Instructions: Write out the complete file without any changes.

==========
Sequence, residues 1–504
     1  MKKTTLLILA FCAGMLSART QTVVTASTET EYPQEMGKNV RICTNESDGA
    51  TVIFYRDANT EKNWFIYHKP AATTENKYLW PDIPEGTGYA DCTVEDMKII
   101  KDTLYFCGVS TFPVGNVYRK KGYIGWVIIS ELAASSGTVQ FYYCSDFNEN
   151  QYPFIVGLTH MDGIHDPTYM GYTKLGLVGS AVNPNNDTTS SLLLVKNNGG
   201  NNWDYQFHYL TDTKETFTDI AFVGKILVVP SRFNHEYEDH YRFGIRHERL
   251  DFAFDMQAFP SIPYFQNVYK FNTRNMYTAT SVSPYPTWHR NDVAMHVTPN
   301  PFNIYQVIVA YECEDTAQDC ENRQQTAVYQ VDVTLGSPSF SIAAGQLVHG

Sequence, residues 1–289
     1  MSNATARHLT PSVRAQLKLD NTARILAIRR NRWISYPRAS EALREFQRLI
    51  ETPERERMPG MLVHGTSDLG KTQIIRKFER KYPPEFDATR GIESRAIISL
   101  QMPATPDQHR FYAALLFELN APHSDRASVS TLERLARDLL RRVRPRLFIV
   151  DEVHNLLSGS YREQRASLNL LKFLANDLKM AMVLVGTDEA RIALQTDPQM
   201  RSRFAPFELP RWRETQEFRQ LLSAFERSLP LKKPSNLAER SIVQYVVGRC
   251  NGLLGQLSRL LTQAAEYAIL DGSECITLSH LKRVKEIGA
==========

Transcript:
Sequence, residues 1–504
     1  MKKTTLLILA FCAGMLSART QTVVTASTET EYPQEMGKNV RICTNESDGA
    51  TVIFYRDANT EKNWFIYHKP AATTENKYLW PDIPEGTGYA DCTVEDMKII
   101  KDTLYFCGVS TFPVGNVYRK KGYIGWVIIS ELAASSGTVQ FYYCSDFNEN
   151  QYPFIVGLTH MDGIHDPTYM GYTKLGLVGS AVNPNNDTTS SLLLVKNNGG
   201  NNWDYQFHYL TDTKETFTDI AFVGKILVVP SRFNHEYEDH YRFGIRHERL
   251  DFAFDMQAFP SIPYFQNVYK FNTRNMYTAT SVSPYPTWHR NDVAMHVTPN
   301  PFNIYQVIVA YECEDTAQDC ENRQQTAVYQ VDVTLGSPSF SIAAGQLVHG

Sequence, residues 1–289
     1  MSNATARHLT PSVRAQLKLD NTARILAIRR NRWISYPRAS EALREFQRLI
    51  ETPERERMPG MLVHGTSDLG KTQIIRKFER KYPPEFDATR GIESRAIISL
   101  QMPATPDQHR FYAALLFELN APHSDRASVS TLERLARDLL RRVRPRLFIV
   151  DEVHNLLSGS YREQRASLNL LKFLANDLKM AMVLVGTDEA RIALQTDPQM
   201  RSRFAPFELP RWRETQEFRQ LLSAFERSLP LKKPSNLAER SIVQYVVGRC
   251  NGLLGQLSRL LTQAAEYAIL DGSECITLSH LKRVKEIGA